Nicky Paris is an LA Based gay comedian on the rise.
Making waves performing throughout the country, Paris has been featured on Wendy Williams, MTV, The Daddy Issues Podcast with Dean McDermott and Adam Hunter.
For Pride Month Paris will be performing at the legendary Laugh Factory in Las Vegas June 21-23 and opening for Eric D’Alessandro at The Mayo Performing Arts Center in New Jersey June 11-13, New York City, as well as The St. George Theater in Staten Island this October.
Paris began his comedy career at the age of 17 where he quickly became a fixture in the Big Apple’s comedy circuit however comedy was not always easy he admits. Telling The Pride LA how he was once turned away from a legendary NYC comedy club for being gay at 18 years old.
When asked how difficult it is being a gay comic in a heterosexually male dominated field Paris said, “I don’t find it hard; I find it to be an exciting challenge. Sure, there were people and gatekeepers who may not have embraced me when I first started, heck- there was even a club in New York when I first started when I was a teenager that straight up told me they wouldn’t put me up because I was gay. Although I was disappointed, I look at every rejection as a challenge. I truly believe funny is funny and I knew that if I worked hard and was irrevocably committed, my work would eventually speak for itself. I’m a comedian because I’m funny, not because I’m gay, and I do think that’s what the game should be all about. I want to be the funniest person on a lineup regardless of race, gender, and who I’m disappointing in the bedroom.”
While the pandemic stripped many comics of their livelihoods, Paris accepted the challenge to pivot and reinvent and has been performing for the last year in unique settings around the country including the New York City subway, the back of pick-up trucks, rooftops, socially distanced indoor shows and virtual shows around the country.
First introduced to television viewers on The Wendy Williams Show as on-air talent at 19, Paris used his sharp wit and love for juicy, celebrity gossip for Wendy’s “Street Talk” segments where he quickly became a regular for the segment on the hit talk show. Soon after, Elite Daily tapped Paris to become one of their lead cast members for their hit web show GEN WHY, where he has represented millennials for over six seasons along with some of the biggest internet personalities on the web.
After appearing on a handful of specials such as MTV’s Epic Fails of 2015, 2016, It’s Complicated and Video Love and the Off-Broadway Production of My Big Gay Italian Funeral, he quickly carved himself a space in Los Angeles’ stand-up comedy scene after becoming a west coast resident and can be seen nightly in Los Angeles’ premiere comedy clubs.
“I love the Los Angeles comedy scene and I feel so grateful to be a part of it. It’s been very kind to me while at the same time challenging me. In LA, I’ve been the only person on a lineup without a TV show or a special and it’s forced me to step up my game and grow to hold my own on these monster lineups.” Paris added, “In Los Angeles, you can literally be on a show at a comedy club with people you always looked up to and idolized – that never gets old for me! New York’s comedy scene is different but just as special. I will say there is nothing like a New York audience. I started doing standup in New York City when I was 17 and I used to work at Broadway Comedy Club in the heart of Manhattan when I first started. I worked for stage time instead of money. That’s how bad I wanted to do this. Every four hours I worked I got 5 minutes on stage and looking back, I was so lucky that I got that opportunity because it really gave me the chance to get up regularly and find my voice very early in my career.”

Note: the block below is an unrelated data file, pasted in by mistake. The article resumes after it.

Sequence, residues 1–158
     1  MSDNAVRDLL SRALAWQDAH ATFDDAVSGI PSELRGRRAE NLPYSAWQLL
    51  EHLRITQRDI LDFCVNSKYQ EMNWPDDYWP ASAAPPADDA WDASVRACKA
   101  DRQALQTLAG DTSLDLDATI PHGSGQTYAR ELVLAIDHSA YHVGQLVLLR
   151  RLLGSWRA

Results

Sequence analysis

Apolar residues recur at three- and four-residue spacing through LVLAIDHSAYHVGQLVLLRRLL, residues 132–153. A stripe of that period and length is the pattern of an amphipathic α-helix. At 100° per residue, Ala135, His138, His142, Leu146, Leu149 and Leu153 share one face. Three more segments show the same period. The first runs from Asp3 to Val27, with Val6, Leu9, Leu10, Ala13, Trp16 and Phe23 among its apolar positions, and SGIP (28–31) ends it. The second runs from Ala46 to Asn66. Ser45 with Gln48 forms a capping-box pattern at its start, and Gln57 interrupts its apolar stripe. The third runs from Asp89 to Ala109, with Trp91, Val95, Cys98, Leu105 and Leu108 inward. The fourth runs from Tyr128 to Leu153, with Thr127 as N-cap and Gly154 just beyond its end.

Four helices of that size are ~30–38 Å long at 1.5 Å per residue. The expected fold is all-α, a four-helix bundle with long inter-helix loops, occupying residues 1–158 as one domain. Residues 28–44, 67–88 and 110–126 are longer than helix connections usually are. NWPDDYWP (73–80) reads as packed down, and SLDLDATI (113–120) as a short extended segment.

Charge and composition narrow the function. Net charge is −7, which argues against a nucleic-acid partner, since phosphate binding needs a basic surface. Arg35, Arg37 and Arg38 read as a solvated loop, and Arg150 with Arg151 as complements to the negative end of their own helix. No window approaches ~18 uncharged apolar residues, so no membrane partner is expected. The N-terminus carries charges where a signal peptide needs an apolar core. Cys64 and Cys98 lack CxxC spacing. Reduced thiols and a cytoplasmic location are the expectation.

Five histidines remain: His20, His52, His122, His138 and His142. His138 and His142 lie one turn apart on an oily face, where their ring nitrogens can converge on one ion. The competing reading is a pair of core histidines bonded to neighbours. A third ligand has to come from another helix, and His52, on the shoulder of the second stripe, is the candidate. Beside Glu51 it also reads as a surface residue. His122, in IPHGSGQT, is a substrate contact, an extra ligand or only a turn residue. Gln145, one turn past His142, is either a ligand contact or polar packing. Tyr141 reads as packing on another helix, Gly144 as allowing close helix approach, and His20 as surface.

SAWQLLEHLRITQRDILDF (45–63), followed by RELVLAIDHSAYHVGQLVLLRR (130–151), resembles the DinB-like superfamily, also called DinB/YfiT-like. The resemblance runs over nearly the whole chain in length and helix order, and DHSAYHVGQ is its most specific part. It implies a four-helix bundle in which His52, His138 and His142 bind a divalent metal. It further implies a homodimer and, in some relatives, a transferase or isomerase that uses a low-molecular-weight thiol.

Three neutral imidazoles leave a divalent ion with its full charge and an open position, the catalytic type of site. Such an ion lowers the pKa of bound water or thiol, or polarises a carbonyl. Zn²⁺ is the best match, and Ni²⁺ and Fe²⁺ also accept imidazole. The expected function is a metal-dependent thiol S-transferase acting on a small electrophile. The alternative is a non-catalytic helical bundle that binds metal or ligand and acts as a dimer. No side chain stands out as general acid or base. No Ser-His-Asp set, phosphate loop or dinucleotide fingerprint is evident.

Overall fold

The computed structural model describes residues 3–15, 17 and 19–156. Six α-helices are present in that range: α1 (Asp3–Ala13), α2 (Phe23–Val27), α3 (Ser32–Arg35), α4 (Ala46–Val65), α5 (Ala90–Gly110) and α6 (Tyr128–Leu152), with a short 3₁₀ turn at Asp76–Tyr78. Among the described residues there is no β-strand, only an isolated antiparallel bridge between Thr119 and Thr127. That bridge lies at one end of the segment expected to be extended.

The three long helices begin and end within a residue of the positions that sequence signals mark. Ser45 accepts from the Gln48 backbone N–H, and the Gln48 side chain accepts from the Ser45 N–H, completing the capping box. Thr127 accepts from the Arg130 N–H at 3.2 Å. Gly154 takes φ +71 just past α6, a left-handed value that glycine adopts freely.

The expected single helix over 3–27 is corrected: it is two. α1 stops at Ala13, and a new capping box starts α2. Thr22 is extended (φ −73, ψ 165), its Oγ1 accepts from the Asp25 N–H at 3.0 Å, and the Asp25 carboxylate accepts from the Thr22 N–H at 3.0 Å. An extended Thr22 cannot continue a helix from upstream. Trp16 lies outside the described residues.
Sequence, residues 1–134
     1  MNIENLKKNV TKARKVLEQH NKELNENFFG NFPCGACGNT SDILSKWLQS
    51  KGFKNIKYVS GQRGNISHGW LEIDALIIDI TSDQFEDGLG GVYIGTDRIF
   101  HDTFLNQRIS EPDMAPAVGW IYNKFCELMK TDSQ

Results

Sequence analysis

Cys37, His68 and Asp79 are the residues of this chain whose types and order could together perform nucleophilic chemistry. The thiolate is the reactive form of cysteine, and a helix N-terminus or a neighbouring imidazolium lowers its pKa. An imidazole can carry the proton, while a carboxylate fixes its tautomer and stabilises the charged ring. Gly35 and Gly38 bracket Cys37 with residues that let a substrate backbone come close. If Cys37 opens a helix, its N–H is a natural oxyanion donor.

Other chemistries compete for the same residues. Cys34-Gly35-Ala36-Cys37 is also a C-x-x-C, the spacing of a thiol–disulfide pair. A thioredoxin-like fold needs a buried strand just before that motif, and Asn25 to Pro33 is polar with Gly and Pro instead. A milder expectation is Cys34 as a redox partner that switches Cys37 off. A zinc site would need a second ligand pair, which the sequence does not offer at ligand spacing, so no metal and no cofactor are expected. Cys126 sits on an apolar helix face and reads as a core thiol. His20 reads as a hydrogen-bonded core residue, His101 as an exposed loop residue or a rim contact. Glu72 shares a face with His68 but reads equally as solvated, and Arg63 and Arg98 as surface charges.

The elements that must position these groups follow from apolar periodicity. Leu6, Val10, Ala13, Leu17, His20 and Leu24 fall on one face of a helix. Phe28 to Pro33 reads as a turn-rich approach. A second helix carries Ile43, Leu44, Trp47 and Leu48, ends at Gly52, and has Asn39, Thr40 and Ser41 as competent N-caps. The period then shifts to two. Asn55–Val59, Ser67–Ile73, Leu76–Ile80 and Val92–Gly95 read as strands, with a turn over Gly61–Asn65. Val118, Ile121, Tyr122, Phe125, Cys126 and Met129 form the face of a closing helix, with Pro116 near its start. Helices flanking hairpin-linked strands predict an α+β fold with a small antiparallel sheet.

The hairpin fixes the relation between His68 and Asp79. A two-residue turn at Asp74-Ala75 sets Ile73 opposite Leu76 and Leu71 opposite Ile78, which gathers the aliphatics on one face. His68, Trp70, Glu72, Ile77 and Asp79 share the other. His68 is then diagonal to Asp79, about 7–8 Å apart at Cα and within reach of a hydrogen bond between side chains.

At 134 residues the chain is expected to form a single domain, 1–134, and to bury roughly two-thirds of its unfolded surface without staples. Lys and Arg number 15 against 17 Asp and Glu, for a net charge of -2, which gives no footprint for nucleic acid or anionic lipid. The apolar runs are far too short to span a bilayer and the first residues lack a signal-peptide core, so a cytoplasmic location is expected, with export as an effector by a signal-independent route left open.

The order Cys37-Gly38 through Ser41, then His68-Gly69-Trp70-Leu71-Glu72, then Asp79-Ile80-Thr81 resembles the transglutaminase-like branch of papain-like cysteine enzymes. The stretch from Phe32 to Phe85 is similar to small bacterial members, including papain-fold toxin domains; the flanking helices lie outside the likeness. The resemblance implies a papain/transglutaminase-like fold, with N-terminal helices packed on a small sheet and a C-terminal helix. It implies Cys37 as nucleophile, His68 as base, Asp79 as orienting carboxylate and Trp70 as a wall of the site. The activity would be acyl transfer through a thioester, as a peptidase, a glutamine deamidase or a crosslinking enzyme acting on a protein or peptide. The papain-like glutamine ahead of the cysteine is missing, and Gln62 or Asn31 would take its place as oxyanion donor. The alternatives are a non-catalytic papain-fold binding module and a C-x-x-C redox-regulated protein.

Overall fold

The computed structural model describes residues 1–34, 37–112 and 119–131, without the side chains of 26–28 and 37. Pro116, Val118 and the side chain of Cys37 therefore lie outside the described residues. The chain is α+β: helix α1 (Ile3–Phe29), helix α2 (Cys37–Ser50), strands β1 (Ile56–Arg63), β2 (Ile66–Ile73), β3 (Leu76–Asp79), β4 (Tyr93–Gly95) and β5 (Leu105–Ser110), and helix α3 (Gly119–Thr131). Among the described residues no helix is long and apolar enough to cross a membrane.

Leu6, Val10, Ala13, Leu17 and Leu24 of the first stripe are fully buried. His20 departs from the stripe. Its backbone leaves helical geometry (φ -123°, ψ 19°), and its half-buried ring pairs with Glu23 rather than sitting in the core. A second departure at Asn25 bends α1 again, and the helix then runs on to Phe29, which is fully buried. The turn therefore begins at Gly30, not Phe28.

Nicky can be seen as a host on LATV’s The Zoo and as well as on the Daddy Issues podcast with Dean McDermott and Adam Hunter. Nicky most recently headlined the legendary Caroline’s on Broadway as part of their “Breakout Artist Series,” which puts the spotlight on the very best and brightest emerging stand-up comedians in their very own headlining show and was featured on Audible’s 2020 Pride Special.
When asked how being gay influenced his comedy Paris says. “Being gay has influenced my comedy because it’s a part of the prism through which I see the world. I was always different than the other kids. For example, as a kid, when I would get spanked, I was the only one who would say “And how are you paying today?” Being gay has allowed me to embrace myself authentically: on and off the stage. I knew I was gay since I saw George of the Jungle with Brendan Frazer. I’ve had those moments throughout my life where I didn’t fit in and felt different than everyone else like I didn’t belong. Doing standup has given me the opportunity to take some of the hardships I’ve endured in my life and make them funny and suddenly, it’s not that painful anymore. I can now laugh at it.”